Monitoring and service discovery with Consul

Staying on Top

Smart Monitoring with Consul

Consul helps users who want to monitor cloud environments independent of the tools available in a specific installation. Consul can also be used on bare metal for comprehensive monitoring, making it a kind of miracle weapon for modern, flexible environments.

Some admins might recall Consul from HashiCorp. The program written in Go was presented by the manufacturer as early as 2014 and was initially intended primarily for operation in clouds. That Consul is also very useful for various tasks on physical servers only gradually became apparent over the years.

HashiCorp itself markets Consul as a tool for three central tasks in distributed environments:

  • Service Discovery: Consul can act as a central interface between servers and clients. Servers register as services with Consul, which it keeps in a list. Clients request exactly that list if required and find out, for example, at what address their server can currently be reached.
  • Health Checking: Consul automatically checks whether the servers that have logged on to it are still working. In this way, Consul avoids telling a client the address of a MySQL database that is currently inactive.
  • Key Value (KV) Store: Consul also maintains a configuration database according to the key-value principle to which clients can add arbitrary entries. Because Consul is a cluster service, of which an instance will ideally be running on every system in the setup, all information of the KV store is available at any time on all systems of the platform.

Consul offers several advantages with regard to its architecture: Consul contains a cluster consensus algorithm that automatically implements a quorum and thus prevents split-brain situations from arising in the first place, which is particularly important for the KV store.

Consul is also extremely lightweight. The program enters the system as a Go binary, has no dependencies, and only needs a configuration file. Therefore, Consul is easy to install on older systems where current versions of Python or Ruby are not available. Moreover, Consul is very frugal when it comes to resource requirements.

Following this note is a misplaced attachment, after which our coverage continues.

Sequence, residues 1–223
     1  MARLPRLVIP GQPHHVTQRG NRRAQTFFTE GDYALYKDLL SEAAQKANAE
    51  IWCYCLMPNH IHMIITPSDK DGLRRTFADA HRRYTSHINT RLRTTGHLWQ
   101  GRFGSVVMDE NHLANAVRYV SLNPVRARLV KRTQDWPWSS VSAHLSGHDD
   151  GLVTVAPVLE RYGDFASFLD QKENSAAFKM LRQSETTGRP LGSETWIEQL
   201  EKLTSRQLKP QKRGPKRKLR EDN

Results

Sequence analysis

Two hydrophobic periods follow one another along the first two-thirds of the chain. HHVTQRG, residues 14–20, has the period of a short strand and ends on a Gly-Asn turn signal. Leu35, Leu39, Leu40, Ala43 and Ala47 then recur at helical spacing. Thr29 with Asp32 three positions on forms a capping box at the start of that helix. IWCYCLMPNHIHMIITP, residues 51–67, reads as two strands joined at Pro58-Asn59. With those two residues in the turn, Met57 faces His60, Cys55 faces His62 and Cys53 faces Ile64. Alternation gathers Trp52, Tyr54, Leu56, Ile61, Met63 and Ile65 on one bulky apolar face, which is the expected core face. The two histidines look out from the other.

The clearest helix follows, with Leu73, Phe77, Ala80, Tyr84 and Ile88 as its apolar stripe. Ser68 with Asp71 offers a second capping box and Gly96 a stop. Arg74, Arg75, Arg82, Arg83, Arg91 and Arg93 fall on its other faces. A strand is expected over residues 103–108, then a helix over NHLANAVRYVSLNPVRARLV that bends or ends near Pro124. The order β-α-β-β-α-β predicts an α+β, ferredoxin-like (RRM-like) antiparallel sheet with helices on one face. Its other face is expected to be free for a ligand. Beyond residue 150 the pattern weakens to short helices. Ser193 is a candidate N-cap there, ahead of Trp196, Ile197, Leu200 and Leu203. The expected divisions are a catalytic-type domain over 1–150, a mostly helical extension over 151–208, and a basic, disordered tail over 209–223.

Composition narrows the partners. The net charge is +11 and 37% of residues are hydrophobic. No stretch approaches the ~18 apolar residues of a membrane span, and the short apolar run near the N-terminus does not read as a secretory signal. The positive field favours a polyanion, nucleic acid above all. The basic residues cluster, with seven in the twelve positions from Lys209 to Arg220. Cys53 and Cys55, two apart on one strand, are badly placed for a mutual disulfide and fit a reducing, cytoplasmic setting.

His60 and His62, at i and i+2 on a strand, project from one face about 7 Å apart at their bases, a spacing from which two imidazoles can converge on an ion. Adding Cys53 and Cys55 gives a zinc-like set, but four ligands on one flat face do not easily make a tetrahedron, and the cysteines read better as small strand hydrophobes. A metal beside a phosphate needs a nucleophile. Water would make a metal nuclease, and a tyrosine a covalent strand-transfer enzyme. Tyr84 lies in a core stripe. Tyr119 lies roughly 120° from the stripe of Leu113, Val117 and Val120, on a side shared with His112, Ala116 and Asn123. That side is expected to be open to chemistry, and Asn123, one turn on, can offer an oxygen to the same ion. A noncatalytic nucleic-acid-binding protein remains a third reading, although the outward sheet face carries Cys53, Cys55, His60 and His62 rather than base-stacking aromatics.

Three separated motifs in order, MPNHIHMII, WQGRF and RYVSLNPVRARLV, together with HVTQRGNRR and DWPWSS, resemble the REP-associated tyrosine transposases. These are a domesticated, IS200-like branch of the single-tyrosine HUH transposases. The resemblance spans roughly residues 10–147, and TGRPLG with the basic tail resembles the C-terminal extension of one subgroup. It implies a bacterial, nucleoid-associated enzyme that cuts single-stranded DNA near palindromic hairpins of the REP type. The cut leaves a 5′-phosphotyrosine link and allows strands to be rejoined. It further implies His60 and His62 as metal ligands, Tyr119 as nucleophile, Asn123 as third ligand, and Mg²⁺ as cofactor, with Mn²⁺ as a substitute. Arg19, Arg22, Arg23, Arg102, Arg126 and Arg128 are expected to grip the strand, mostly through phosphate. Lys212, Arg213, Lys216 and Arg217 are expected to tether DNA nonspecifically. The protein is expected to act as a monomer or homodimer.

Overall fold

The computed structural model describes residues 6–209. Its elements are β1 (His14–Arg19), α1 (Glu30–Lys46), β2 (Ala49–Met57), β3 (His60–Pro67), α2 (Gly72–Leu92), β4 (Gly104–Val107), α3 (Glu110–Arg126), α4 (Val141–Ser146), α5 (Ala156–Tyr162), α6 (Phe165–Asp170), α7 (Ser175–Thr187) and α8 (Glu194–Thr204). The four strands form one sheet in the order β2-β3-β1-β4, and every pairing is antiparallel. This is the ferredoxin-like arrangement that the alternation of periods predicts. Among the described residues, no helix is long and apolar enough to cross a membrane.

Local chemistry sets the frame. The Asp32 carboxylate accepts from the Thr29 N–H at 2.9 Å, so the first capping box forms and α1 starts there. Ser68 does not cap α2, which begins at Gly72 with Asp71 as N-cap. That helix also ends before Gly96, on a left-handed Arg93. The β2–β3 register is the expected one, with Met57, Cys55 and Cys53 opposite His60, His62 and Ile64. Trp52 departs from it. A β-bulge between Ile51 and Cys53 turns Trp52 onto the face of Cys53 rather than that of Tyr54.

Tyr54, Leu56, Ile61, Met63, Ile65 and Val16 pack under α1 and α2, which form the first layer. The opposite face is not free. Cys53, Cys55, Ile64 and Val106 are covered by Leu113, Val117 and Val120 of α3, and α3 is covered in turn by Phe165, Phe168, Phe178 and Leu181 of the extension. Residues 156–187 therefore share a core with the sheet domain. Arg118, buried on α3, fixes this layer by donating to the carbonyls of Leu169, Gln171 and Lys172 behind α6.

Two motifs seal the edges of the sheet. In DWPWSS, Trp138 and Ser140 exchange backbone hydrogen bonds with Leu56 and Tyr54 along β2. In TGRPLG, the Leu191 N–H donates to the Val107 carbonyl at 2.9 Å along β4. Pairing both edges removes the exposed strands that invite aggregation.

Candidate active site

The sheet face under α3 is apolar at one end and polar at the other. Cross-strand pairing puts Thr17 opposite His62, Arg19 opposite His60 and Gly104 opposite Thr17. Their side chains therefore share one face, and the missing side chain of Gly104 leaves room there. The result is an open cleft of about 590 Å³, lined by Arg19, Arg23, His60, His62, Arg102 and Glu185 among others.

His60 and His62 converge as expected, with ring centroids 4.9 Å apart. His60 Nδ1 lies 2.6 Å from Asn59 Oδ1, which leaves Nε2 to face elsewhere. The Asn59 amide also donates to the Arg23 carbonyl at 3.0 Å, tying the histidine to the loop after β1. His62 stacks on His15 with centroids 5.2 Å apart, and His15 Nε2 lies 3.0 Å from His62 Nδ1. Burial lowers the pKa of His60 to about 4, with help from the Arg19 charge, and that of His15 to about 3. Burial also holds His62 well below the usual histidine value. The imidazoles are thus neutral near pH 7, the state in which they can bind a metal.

Consul's biggest advantage is undoubtedly that it is designed to work with other programs out of the box. A huge amount of information can be retrieved from Consul via a RESTful interface. As a hook back to the old world, Consul also offers the option of generating configuration files from information in its own service directory.

In fact, Consul makes it possible to implement the new type of monitoring that is necessary in dynamic environments. Two examples illustrate this: monitoring hardware and monitoring dynamic environments.

Conventional Monitoring

When working with real hardware, one of the most interesting questions is how the admin integrates a greater number of new servers into the existing monitoring system as fast as possible. Because clouds are extremely dynamic, 500 new servers wanting to be integrated into a setup in a week is not unusual.

Classical approaches like Icinga or Nagios have a difficult time keeping up. For example, the administrator has to help with an automation solution such as Ansible or Puppet. Consul does this work for the admin by cleverly combining the functions of the software.

Consul on All Systems

To use Consul in physical setups, you need to roll out the service on all participating systems in the first step, which is best done with the help of an automation solution such as Ansible. Consul has two different operating modes: server and agent. In everyday life, the two operating modes differ primarily in that the servers decide on the quorum and execute the consensus algorithm, whereas the agents primarily take care of themselves. Clouds almost always contain a category of servers that operate many cloud services as controllers – they are also ideal for the role as servers in Consul. The normal compute nodes, on the other hand, only work as agents.

The result of simply rolling out Consul on all systems results in a comprehensive database of all available cluster nodes. Where to go from there is also a question of the admin's personal preferences. The simplest option is to have Consul check whether or not certain services are available.

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